After the online petitions, the countless think pieces and Twitter tirades, Hollywood’s “Ghost in the Shell” was never going to have an easy passage. Rupert Sanders’ film — a $110 million live-action movie based on a beloved manga and anime property — was ill-fated from the start, tarnished by the controversy surrounding the decision to cast a white actor, Scarlett Johansson, in a role that was originally Japanese.
When Paramount Pictures released a photo last April of Johansson as cyborg ass-kicker Major Motoko Kusanagi, now simply known as The Major, it prompted a social media uproar that never abated. An online petition to instead cast an Asian actress drew more than 100,000 signatures. Each new trailer or marketing push for the film attracted a fresh load of invective from critics, many of them Asian-American, who accused it of “whitewashing” its Japanese source material.
By the time “Ghost in the Shell” opened internationally at the end of last month, it seemed that the damage had been done. The movie drew mostly mediocre reviews and struggled to pull in $19 million during its opening weekend in the U.S. (“Beauty and the Beast,” by way of comparison, made $170 million.) Though it has performed better in other countries, the film is now predicted to lose its studio $60 million.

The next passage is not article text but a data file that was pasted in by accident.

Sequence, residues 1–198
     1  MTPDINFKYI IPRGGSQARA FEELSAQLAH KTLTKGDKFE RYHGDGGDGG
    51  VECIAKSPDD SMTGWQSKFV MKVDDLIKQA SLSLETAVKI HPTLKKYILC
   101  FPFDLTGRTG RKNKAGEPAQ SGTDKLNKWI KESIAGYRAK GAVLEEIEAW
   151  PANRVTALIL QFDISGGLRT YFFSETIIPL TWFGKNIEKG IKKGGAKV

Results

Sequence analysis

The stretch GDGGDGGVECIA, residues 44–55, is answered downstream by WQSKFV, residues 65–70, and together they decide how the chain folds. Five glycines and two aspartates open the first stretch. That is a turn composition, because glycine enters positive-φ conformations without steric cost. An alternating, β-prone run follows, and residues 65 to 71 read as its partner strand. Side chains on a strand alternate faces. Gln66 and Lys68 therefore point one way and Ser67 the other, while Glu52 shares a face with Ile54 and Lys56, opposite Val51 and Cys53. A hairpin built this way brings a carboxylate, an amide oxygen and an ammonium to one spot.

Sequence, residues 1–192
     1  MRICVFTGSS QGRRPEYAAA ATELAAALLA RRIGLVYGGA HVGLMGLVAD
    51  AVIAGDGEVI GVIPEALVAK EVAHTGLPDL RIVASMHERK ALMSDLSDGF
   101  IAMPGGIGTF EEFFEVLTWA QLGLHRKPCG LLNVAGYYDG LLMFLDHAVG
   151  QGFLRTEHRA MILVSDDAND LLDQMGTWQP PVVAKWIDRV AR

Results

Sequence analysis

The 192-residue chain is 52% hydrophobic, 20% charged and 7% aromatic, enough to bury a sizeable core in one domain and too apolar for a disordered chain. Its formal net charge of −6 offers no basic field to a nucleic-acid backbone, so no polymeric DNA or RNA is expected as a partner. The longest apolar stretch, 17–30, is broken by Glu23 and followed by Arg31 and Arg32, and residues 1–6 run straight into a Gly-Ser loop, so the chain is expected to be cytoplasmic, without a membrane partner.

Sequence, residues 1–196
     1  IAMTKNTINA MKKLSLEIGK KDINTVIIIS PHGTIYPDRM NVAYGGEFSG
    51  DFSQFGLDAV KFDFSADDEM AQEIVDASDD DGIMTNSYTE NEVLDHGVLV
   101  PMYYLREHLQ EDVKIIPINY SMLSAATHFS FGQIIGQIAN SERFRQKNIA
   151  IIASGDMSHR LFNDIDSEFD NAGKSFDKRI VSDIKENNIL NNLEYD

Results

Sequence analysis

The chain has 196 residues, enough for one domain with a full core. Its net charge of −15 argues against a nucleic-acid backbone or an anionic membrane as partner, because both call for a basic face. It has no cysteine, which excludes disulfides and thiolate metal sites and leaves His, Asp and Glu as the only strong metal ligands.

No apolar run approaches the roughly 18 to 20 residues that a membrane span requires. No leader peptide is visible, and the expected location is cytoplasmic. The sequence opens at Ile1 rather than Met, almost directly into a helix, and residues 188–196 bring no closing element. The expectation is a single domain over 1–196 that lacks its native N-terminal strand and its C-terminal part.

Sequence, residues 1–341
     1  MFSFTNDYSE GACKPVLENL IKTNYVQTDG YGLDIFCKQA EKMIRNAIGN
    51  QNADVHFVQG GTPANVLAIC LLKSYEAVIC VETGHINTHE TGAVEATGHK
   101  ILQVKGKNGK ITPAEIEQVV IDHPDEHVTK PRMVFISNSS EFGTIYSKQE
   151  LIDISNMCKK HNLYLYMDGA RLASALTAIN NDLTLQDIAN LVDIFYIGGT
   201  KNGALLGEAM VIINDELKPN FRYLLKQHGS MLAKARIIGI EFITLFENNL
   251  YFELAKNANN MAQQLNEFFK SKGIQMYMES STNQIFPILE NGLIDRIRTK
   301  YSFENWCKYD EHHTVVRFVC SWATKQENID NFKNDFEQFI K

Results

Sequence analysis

|Rating||out of 5|
|Run Time||107 mins|
After consistently downplaying the whitewashing controversy, Paramount has finally conceded that it might have been a problem after all. As Megan Colligan, the company’s president of worldwide distribution and marketing, told The Hollywood Reporter recently, “This movie wasn’t allowed to just be a movie.”
Something has shifted in the past few years, as the conversation about diversity and representation in Hollywood has become impossible for studios to ignore. Yet the whitewashing debate hasn’t gained much traction in Japan, where moviegoers tend not to expect to see themselves reflected in Hollywood productions. Response to the new “Ghost in the Shell” among Japanese viewers has been mixed, but Johansson doesn’t seem to be the problem.
Masamune Shirow’s original “Ghost in the Shell” manga, called “Kokaku Kidotai” in Japanese, first appeared in a special issue of Young Magazine in 1989. Building on the tech fantasias of the author’s earlier “Appleseed,” it depicted a near-future world in which cybernetic enhancement is commonplace, and humans could jack their brains directly into the net.